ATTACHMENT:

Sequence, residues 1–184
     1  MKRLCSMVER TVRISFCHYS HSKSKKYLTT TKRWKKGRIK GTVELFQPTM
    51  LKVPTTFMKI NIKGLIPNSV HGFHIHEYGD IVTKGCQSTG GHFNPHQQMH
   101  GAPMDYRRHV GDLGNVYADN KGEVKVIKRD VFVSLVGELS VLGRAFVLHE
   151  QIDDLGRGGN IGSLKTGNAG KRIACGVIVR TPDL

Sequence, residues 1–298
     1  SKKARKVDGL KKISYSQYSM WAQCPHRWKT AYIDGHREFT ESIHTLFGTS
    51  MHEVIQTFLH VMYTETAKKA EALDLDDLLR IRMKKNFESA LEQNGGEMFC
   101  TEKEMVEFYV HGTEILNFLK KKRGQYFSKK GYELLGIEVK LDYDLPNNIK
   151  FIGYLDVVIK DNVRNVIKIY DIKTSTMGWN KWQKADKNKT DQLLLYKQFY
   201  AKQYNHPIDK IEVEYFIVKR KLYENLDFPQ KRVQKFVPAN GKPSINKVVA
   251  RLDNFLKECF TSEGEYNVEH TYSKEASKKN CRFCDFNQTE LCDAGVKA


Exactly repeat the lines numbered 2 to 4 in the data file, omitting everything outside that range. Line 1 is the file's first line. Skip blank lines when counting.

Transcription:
     1  MKRLCSMVER TVRISFCHYS HSKSKKYLTT TKRWKKGRIK GTVELFQPTM
    51  LKVPTTFMKI NIKGLIPNSV HGFHIHEYGD IVTKGCQSTG GHFNPHQQMH
   101  GAPMDYRRHV GDLGNVYADN KGEVKVIKRD VFVSLVGELS VLGRAFVLHE